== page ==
Pat Summerall was the perfect teammate, whether it was on the football field or the press box.
Summerall, always efficient and clear with his words, passed away Tuesday at the age of 82.
He became a media icon working with his polar opposite - John Madden - in the NFL booth for first CBS and then Fox Sports. He was the Voice of the NFL for generations of fans, working a record 16 Super Bowls. His understated style fit the visual medium perfectly, and his ability to set the stage and then get out of the way for his alalyst partners made him worth his weight in gold.
He had the rare ability to make the difficult seem simple.
A play-by-play announcer is part traffic cop, part wordsmith. His job is to convey the essential details of the game while leaving his broadcast partner enough time to try and make a salient point about what just happened -- all before the next snap.
You must do this with a producer screaming in your ear, a spotter handing you the next promo card, a statistician passing you a note all the while trying to quickly take in what is happening on the field as the teams lined up.
No one did it better in such a clear, calm and coherent manner than Pat Summerall.
The best are always true to themselves. They have to be because if you work in front of that camera long enough, you will be thoroughly exposed, warts and all.
They understand who they are, what they excel at and what they should avoid. When you find a partner who compliments your personality, you have pure gold.
Summerall believed his job was to express the facts as succinctly as possible. In summarizing his life, that isn't easy to do.
Summerall was a multi-sport star at the University of Arkansas from 1949-51. His senior season the Razorbacks handed Texas their first loss of the year, 16-14, thanks in part to his 20-yard field goal.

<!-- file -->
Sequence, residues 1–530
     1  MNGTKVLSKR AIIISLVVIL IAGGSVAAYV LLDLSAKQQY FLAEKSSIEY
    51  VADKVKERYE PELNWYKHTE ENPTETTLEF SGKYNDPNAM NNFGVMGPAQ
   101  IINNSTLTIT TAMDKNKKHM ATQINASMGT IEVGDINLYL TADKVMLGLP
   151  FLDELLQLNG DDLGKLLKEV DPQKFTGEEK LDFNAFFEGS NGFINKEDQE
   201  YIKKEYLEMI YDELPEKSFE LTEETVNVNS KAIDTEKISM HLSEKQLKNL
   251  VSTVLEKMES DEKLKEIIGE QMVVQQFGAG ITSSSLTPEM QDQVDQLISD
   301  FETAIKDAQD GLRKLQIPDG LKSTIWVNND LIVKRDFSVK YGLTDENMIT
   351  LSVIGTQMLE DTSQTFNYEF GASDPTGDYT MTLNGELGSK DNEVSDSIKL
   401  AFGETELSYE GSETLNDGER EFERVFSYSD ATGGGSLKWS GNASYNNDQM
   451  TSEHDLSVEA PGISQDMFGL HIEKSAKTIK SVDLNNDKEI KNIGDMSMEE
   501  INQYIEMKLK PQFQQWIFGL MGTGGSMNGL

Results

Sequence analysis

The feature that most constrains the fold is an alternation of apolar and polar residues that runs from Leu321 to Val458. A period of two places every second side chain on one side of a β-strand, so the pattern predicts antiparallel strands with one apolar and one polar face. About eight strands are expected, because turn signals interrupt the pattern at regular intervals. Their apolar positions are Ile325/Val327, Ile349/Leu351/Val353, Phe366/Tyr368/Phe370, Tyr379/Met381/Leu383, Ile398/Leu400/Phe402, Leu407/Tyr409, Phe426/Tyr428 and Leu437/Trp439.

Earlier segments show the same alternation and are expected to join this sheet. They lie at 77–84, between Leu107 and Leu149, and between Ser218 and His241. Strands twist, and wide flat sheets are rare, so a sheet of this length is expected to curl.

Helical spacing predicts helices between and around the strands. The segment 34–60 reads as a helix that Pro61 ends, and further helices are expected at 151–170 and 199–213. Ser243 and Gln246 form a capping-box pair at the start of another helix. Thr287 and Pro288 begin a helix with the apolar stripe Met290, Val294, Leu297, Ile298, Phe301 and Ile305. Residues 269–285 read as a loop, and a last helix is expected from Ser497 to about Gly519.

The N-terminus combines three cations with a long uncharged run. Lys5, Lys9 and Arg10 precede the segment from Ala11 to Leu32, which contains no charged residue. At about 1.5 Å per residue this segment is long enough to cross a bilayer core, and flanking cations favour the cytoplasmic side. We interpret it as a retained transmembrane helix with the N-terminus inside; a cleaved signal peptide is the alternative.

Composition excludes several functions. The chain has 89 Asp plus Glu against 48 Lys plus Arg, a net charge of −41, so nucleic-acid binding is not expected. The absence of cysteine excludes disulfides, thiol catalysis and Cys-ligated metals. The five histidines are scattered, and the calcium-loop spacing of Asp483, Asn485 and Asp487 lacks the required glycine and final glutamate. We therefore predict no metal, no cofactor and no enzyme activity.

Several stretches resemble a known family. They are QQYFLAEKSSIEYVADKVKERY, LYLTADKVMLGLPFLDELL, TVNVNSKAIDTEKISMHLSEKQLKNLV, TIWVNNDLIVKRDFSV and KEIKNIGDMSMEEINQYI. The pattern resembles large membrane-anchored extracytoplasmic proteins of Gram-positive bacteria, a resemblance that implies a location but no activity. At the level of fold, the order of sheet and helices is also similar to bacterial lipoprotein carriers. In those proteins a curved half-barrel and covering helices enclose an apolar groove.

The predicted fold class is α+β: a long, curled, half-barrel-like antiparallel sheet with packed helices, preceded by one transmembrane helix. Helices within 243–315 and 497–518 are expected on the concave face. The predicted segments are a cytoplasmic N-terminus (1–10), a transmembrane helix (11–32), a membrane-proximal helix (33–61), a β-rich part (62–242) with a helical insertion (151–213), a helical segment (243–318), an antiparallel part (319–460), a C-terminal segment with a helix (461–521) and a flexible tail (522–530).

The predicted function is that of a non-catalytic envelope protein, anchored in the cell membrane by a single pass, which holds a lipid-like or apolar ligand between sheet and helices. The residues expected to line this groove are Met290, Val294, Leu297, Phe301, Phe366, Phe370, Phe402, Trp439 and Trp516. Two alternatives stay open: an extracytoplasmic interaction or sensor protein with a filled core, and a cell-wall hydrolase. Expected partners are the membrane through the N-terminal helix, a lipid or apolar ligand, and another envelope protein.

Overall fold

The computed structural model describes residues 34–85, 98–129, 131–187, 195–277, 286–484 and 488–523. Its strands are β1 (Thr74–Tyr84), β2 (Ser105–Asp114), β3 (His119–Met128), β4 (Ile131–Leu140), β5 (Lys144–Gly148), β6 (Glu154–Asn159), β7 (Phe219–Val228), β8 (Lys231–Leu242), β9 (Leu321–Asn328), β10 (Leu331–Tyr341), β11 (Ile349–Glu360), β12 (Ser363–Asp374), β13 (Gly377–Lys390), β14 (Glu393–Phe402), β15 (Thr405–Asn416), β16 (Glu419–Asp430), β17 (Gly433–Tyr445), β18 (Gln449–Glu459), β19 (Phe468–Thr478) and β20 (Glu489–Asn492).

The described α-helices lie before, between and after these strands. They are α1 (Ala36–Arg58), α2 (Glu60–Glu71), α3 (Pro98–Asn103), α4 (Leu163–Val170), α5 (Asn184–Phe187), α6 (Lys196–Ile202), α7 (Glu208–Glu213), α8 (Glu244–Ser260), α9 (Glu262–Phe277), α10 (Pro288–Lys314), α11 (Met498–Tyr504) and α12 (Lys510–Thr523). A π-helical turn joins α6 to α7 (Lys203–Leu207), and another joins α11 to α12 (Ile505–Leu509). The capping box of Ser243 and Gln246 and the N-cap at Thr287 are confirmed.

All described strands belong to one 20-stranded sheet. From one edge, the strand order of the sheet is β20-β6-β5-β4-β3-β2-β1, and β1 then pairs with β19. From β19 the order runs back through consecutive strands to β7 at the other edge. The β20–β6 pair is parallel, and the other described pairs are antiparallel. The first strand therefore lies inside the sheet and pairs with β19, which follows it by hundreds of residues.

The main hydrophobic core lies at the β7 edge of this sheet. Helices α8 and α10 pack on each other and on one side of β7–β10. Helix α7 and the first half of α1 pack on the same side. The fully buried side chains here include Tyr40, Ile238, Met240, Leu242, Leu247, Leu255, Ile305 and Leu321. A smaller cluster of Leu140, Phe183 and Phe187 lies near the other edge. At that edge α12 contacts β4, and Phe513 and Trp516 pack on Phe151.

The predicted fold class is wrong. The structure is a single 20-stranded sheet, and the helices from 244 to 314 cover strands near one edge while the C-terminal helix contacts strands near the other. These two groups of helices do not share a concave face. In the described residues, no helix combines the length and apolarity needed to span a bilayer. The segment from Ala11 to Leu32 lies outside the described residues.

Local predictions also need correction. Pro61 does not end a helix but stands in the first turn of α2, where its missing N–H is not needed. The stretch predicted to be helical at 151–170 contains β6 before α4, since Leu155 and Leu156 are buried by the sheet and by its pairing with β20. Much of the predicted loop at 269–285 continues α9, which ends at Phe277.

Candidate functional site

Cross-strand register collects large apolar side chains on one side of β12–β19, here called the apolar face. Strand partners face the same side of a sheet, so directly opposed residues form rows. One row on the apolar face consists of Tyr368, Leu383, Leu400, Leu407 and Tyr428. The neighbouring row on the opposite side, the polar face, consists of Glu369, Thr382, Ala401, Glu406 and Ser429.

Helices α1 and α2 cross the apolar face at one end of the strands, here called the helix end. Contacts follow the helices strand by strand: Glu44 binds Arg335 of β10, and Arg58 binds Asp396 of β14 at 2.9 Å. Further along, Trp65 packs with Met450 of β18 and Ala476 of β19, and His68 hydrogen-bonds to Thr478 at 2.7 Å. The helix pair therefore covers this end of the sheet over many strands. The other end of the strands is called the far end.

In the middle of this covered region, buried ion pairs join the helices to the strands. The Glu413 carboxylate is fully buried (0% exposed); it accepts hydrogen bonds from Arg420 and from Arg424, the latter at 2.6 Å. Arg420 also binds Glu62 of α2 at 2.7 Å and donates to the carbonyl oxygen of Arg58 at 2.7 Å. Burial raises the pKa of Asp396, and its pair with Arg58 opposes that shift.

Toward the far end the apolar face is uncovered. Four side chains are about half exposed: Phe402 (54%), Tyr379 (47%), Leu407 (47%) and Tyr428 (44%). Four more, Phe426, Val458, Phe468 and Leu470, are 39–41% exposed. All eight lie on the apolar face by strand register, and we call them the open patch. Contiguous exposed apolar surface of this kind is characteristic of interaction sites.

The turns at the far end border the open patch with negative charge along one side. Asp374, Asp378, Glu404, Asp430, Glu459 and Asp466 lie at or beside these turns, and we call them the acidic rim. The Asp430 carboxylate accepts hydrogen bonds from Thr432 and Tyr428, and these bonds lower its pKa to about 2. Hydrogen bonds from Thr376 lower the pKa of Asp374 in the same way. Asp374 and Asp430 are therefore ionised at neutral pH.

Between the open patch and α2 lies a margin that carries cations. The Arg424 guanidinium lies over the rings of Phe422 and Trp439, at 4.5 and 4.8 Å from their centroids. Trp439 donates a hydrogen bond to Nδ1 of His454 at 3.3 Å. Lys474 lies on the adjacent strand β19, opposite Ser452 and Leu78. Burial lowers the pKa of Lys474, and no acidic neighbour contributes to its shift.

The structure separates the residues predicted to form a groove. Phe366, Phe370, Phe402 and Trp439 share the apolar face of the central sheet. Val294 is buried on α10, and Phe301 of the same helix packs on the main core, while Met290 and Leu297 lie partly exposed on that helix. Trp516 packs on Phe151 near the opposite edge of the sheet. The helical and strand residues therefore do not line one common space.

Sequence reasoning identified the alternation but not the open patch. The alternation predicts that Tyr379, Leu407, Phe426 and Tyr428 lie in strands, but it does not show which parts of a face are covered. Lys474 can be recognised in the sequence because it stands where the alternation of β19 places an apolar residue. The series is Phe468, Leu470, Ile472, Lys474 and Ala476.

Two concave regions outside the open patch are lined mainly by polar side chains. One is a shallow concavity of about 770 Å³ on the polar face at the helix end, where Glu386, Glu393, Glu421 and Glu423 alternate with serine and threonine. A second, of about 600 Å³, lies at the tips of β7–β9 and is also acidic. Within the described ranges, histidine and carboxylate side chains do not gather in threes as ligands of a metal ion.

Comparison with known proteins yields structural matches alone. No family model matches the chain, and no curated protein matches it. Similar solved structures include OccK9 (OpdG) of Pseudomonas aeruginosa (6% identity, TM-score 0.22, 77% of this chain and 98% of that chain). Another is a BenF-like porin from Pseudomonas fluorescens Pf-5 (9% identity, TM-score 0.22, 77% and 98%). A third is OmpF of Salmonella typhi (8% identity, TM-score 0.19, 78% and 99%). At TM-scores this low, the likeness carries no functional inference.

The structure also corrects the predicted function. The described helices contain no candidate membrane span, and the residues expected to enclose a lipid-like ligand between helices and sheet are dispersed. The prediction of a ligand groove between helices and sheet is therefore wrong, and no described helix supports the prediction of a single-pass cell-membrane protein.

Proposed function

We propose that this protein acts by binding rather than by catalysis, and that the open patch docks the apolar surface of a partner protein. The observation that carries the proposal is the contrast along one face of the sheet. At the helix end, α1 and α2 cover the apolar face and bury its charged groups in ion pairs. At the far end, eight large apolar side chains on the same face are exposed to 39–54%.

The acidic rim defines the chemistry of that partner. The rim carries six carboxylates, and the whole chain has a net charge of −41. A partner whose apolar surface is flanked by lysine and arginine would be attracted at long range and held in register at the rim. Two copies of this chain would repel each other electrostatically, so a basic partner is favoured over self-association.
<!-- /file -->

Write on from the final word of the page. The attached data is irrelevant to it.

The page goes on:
His 10-year NFL career was solid, though hardly spectacular. However, his last five seasons were spent with the New York Giants, where he parlayed his smooth voice into a post-NFL career that would be Hall of Fame caliber. He didn't just excel at football; Summerall was the #1 announcer for tennis and golf at CBS and he even worked a few NBA games for the network.
Summerall always gave credit to his bosses for emphasizing that TV meant less is more from the announcers. Early in his career he worked with Jack Buck and Ray Scott, two of the masters of understatement.
When Summerall switched over to the play-by-play chair, he quickly moved up to the #1 game. His first partner was former NFL player Tom Brookshier, and they were a hit -- on and off the field (more on that a little later).
CBS decided to break up that team when John Madden became available in 1981. They first had Vin Scully do several games with Madden, and then Summerall. A mid-season, the CBS executives took a vote and kept Summerall in the #1 booth with Madden. It was a match made in heaven. When Fox got the NFL contract their first hire was John Madden, and he insisted that they do everything they could to bring Summerall along as well.
The duo wrapped up their time together with the 2002 Super Bowl.
As I said the Summerall-Brookshier worked hard, partied hard and was a roaring success at both. They later admitted that they fully enjoyed the lifestyle and paid for it later on. I had the chance to watch both sides of their partnership up close and personal in the late 70's.
While they worked the NFL, both Summerall and Brookshier had in their contracts that they would work one college game a year and that was, of all games, the Sun Bowl.
Back then if you weren't playing in a New Year's Day bowl, the Sun Bowl was high on the list as a place to spend the holidays. The host committee understood that El Paso was hardly a garden spot, so they pulled out all the stops to entertain the teams and the media when they came to town. Going across the border to Juarez was hardly the danger it is today, and every night there was a party or event that topped the night before.
Texas played in the Sun Bowl after the 1978-79 seasons, and I can personally attest to the fact that if you weren't having a great time, you obviously had assumed room temperature.
I can also attest to the fact that Pat Summerall and Tom Brookshier took full advantage of the situation. But on game day they were as professional and smooth as if they were working an NFL play off game.
It is well known that Summerall finally admitted to a drinking problem and he spent the last 20 years of his life stone cold sober. He wouldn't preach about his conversion, but if asked, he would tell his story and its hardships in his typical understated style.
When he retired, he left the business the the same way he worked the booth, graciously with little fanfare.
They just don't make them like that anymore.